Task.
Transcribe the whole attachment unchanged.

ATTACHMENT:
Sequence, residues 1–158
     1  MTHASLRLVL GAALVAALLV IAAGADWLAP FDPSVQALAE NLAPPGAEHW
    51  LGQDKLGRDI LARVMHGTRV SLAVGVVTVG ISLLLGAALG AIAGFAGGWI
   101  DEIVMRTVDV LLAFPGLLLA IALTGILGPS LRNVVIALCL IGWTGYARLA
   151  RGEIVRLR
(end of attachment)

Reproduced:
Sequence, residues 1–158
     1  MTHASLRLVL GAALVAALLV IAAGADWLAP FDPSVQALAE NLAPPGAEHW
    51  LGQDKLGRDI LARVMHGTRV SLAVGVVTVG ISLLLGAALG AIAGFAGGWI
   101  DEIVMRTVDV LLAFPGLLLA IALTGILGPS LRNVVIALCL IGWTGYARLA
   151  RGEIVRLR